As one of the UK’s leading business schools, the University of Bath’s School of Management engages closely with business and society to influence the present and shape the future.
The University is investing £70 million in a landmark building that will enable the School to move to the next stage in the development of its teaching, research and student experience, strengthening its position among UK business schools and supporting its aim of becoming a top 50 global business school.
The new building, which is planned to open in time for the 2022/23 academic year, will embody the School’s understanding of a 21st century management school, driving creativity, ambition and innovation, and supporting the School’s core philosophies of ‘engagement, education and collaboration.’
The project is anticipated to create over 100 new jobs on campus and will bring considerable benefits to the City of Bath and wider economy, predicted to be over £240 million of value over 25 years.
The University has retained Hopkins Architects which has pioneered British architecture since 1976 on projects throughout the world including the London 2012 Velodrome; the Wellcome Trust’s Gibbs Building; and high-quality educational buildings at universities including Cambridge, University College London, Princeton and Harvard.
The new building will feature:
A Student Entrepreneurship Lab – for students from across the University to work together on business creation and innovation
An Employment Hub – for business and industry partners to visit and help prepare students for the workplace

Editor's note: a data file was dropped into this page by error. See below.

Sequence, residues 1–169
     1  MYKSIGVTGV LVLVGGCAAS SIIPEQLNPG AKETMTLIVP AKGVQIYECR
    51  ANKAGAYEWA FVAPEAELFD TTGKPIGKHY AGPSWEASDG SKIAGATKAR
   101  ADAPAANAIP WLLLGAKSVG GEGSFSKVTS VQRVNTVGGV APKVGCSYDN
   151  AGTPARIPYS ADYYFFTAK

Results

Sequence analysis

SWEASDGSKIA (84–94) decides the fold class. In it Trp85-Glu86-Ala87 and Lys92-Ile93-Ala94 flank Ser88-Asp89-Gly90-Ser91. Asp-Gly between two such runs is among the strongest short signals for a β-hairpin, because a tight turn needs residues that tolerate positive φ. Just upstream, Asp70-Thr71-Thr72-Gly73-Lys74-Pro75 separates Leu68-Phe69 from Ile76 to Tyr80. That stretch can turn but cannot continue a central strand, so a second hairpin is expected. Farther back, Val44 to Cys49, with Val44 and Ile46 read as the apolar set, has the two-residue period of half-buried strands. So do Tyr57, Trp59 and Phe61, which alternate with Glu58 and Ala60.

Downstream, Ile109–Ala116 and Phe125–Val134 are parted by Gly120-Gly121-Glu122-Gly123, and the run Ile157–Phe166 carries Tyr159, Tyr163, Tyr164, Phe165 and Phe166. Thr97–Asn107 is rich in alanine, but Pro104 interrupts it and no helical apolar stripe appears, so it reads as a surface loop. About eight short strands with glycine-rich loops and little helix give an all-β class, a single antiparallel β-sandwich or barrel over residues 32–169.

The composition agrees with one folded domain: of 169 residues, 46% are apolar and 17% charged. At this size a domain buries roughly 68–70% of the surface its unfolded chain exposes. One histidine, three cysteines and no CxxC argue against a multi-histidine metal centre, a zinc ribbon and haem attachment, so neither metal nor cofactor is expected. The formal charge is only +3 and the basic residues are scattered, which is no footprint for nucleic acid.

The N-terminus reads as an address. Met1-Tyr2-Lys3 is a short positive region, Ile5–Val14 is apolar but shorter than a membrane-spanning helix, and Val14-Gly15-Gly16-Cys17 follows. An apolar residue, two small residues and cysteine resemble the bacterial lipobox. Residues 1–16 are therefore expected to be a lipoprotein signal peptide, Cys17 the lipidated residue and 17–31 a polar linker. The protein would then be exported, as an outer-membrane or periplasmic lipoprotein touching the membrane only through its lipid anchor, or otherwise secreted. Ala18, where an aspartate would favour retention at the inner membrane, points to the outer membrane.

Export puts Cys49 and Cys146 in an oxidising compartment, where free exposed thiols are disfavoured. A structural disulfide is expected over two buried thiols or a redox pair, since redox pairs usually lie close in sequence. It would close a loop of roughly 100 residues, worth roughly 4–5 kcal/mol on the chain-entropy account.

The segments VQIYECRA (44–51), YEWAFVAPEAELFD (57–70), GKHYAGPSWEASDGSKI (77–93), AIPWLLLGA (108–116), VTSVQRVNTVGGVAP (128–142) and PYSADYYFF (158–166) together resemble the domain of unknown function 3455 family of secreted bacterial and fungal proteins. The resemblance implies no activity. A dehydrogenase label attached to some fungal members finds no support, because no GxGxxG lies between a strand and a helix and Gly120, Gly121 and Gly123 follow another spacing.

A Behavioural Research Lab – to study real and digital environments
An HPC Supply Chain Innovation Lab – open to local SMEs and the larger multinationals they work with eight lecture theatres and a 250 seat Conference Auditorium
Inspiring collaboration between students, academics and corporate partners is at the heart of the School and the building will nurture that in an open layout, encouraging joint working to flourish.
The intention is to foster entrepreneurial thinking that develops a vibrant ecosystem of inspiration, initiation and acceleration to establish the School of Management as an anchor point in the local and regional business community
POWERING NEW WAYS OF WORKING AND INNOVATION IN THE AUTOMOTIVE INDUSTRY
IAAPS case study – Powering new ways of working and innovation in the automotive industry
A new University of Bath research facility will provide a world-class boost to the South West’s engineering credentials – and in addition to helping to plan out how the vehicles of the future will be powered, it will lead the way in creating new ways of working in the automotive industry.
IAAPS, the Institute of Advanced Automotive Propulsion Systems, will be opening the doors to its new research and innovation facility at the Bristol and Bath Science Park in mid 2021. The purpose-built site comprises 17 state-of-the-art test laboratories designed to enable deep insights into the development of future generations of ultra-low and zero-emissions vehicles, and help auto manufacturers improve efficiency and meet future air quality standards.